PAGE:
Learn more about the presidents and President’s Day with these activities for middle schoolers.
Tip your stovepipe hat to President Abraham’s humble beginnings with this edible log cabin. This home can be fashioned from pretzel sticks or rods and peanut butter to hold it all together.
The plush toy we affectionately call a teddy bear today was named after a famous incident involving President Theodore ‘Teddy’ Roosevelt, who prevented the untimely death of a bear cub while on a hunting expedition. Making your own lovable stuffed animal is easier that you think.
3. Make a Model Mount Rushmore
South Dakota’s renowned 5-story tall monument took 14 years to carve into the site that now nearly 2 million people visit annually. Hopefully your model version, using clay, won’t take quite that long.
4. President’s At-Home Escape Room
Learn about the US Presidents with this exciting at-home escape room. Solve puzzles, crack codes, and answer riddles to collect 11 different paragraphs that need to be delivered to the White House!
Pull out that old change jar and watch the kids experiment away! Find out what cleaning agents work best for getting grime off of our former presidents’ faces.
While living in the White House, the Roosevelt children earned a reputation for rowdiness! They could often be found walking, jumping, or running down hallway passages on a set of homemade stilts. Try these out for yourself!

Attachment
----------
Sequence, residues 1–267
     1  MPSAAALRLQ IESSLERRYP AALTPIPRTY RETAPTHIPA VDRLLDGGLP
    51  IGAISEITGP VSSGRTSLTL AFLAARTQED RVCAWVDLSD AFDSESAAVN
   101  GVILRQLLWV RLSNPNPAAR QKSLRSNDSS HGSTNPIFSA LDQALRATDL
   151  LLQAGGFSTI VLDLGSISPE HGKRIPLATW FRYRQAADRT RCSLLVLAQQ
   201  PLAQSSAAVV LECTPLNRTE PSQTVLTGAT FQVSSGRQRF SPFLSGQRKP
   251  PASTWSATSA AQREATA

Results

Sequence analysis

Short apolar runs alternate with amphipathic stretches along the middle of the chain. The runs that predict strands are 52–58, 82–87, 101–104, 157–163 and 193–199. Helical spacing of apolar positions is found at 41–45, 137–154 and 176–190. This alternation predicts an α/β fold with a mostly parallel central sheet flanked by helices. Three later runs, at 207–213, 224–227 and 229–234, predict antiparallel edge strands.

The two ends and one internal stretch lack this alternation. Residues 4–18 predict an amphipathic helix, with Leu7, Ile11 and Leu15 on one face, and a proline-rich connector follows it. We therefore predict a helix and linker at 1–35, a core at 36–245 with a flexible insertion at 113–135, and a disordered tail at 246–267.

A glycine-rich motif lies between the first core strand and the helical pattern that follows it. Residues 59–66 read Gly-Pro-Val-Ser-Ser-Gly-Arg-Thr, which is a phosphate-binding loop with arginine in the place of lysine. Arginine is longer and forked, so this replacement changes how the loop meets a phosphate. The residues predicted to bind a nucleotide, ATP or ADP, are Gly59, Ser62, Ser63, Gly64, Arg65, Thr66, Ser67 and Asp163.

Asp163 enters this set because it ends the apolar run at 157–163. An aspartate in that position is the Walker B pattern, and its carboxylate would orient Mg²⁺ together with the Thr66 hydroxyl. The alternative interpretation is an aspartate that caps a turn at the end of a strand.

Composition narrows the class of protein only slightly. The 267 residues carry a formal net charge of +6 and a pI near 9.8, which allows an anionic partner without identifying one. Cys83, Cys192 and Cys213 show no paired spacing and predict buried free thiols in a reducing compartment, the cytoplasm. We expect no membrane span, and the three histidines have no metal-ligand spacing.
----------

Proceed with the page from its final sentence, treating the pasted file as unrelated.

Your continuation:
7. Memorize the Presidents
Get the names of all 46 presidents down lickety-split with this fun rhyming book called Yo, Millard Fillmore!. Alternately, try rapping the presidents in order with this song.
These hilarious mad lib stories are a great way to practice parts of speech and learn about the presidents at the same time! Check out some for free here, or purchase a whole book of them here.
9. Washington and Lincoln Paint Stick Timelines
Use some velcro on a paint stick to attach events from Lincoln’s and Washington’s lives in order.
Challenge your middle schooler to go deeper with a unit study on one of the presidents. Encourage them to learn something relatively uncommon about a well-known president, or research a lesser-known man. Here is a unit study on Abraham Lincoln with scaffolded activities appropriate for every age.